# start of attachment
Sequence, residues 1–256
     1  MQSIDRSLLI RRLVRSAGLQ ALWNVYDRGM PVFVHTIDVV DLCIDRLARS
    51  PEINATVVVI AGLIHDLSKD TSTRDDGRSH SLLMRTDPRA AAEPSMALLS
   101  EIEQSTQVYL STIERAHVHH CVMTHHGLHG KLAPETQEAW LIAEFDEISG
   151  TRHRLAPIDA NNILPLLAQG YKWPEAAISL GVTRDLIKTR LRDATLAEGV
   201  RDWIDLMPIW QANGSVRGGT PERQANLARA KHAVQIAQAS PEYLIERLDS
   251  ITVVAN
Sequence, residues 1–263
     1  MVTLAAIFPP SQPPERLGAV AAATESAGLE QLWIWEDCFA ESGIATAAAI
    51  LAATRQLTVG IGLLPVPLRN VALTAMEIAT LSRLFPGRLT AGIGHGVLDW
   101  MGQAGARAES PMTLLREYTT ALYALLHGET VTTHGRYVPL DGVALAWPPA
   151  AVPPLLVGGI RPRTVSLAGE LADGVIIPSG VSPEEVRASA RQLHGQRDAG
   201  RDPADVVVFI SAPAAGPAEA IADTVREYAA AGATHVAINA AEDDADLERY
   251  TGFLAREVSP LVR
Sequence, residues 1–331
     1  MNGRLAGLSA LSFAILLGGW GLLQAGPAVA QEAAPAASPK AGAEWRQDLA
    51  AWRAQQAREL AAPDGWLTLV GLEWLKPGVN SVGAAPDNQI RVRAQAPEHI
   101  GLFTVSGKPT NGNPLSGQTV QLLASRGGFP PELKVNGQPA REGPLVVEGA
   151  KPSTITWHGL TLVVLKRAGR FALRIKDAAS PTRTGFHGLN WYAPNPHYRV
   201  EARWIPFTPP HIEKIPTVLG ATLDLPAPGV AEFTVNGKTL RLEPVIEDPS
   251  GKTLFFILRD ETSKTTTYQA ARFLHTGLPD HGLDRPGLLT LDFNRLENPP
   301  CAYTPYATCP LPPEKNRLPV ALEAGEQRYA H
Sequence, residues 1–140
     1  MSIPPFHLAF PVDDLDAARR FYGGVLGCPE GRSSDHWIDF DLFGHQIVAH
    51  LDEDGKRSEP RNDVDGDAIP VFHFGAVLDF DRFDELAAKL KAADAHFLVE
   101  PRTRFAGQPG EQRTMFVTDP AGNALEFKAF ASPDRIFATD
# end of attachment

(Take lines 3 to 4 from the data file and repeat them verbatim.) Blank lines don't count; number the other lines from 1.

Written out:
    51  PEINATVVVI AGLIHDLSKD TSTRDDGRSH SLLMRTDPRA AAEPSMALLS
   101  EIEQSTQVYL STIERAHVHH CVMTHHGLHG KLAPETQEAW LIAEFDEISG